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Does the Siberian Weather with its Polar Wind Stream Affect North American Weather?

The impact of global weather, particularly polar wind, is now only being considered, as the many areas of the world seem to be changing with the warmer and colder weather we have been seeing in the last few years.  It is often shown to be warmer in North America, when it is colder in Siberia and parts of Asia and Europe.  For the most part, the polar wind has shifted in a way in the winter of 2011-2012, that benefits warmer winter conditions for North America.  The lack of precipitation, colder winter days and nights, has been very evident for the winter of 2011 and 2012.

Polar Wind Stream is the Arctic Oscillation Effect

Polar Wind Impacts North America

Changes in the atmosphere are not always just based on pacific weather systems like El Niño or La Nina.  The Southern Oscillation Effect, or El Nino, is the pacific wind that impacts North America mostly in the winter, but it can impact a summer condition as well.  Blamed for weather in the west and the southern parts of America and Mexico, this warm water mass, can bring an impact on the jet stream, and how much moisture it travels across.

Similarly, in the polar wind stream or the Arctic Oscillation Effect, the winds are contained by the pressure variations around the northern polar cap.  When the pressures are positively phased, the coldest air is kept near the polar caps, or over the Siberian Deserts and Mountains.  The areas of Scandinavia and Northern Alaska see great precipitation and cold.

Eventually the Polar Wind Changes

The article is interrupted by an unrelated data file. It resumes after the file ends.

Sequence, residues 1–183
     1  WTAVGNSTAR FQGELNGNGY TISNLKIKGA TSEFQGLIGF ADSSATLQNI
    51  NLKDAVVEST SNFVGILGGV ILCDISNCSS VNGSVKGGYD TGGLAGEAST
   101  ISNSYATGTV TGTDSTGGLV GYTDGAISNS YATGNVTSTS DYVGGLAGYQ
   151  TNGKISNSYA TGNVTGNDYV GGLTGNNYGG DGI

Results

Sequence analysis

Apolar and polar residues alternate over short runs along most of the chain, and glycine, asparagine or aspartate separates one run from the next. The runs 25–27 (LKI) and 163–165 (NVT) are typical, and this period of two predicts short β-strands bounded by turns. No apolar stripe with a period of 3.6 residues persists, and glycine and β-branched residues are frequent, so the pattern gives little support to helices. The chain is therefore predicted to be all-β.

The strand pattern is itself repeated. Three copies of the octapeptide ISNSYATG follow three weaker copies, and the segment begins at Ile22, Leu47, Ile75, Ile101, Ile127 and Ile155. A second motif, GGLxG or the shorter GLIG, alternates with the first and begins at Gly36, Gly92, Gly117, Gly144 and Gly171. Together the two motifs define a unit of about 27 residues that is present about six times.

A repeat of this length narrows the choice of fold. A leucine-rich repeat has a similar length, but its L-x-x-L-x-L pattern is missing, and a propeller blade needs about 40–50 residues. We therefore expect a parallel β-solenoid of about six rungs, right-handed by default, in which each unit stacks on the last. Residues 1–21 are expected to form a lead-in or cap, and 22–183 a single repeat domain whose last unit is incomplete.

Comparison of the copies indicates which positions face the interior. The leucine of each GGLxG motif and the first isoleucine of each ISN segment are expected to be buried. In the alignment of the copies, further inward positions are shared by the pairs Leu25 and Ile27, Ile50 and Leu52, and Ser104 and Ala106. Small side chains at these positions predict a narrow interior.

As the positive effects of the arctic oscillation moves in a negative phase, the northern trade winds, push their moisture to the North American jet stream, and the wet, cold effect is felt.  The winter snows, and cold temperatures that this phase creates is a common effect that most of North Canada and that Northern United States have prepared for.  Alaska winters in this phase can be mild, and there will be more wet conditions across the Colorado and Nebraska Plains.

The change in negative phases recently, has ensured that their were more colder temperatures, but the fact that the soil temperatures have stayed fairly warm this winter during the Polar Wind positive phase, as shown that the remainder of 2011 and 2012 will be warmer than the 2010-2011 winter was in contrast.

Global Warming or Polar Wind Normal Oscillation?

So is this weird wind convergence the beginning of the global warming trend?  The fact is, we are currently at the warmest average temperature that has ever been recorded, with a new average of 1 degree of warmth in average global temperature.  The scientists that are predicting the global warming trend, see this as an a very ominous predictor of a warming trend to continue.  The fact that our population on earth continues to expand, and our limited resources are becoming visibly restricted in poorer parts of the world, shows that the growth of warming will continue.

Polar winds are only one part of the puzzle to predicting weather, but they are a great global predictor of dire weather changes in the near and long term of future weather impacts to come.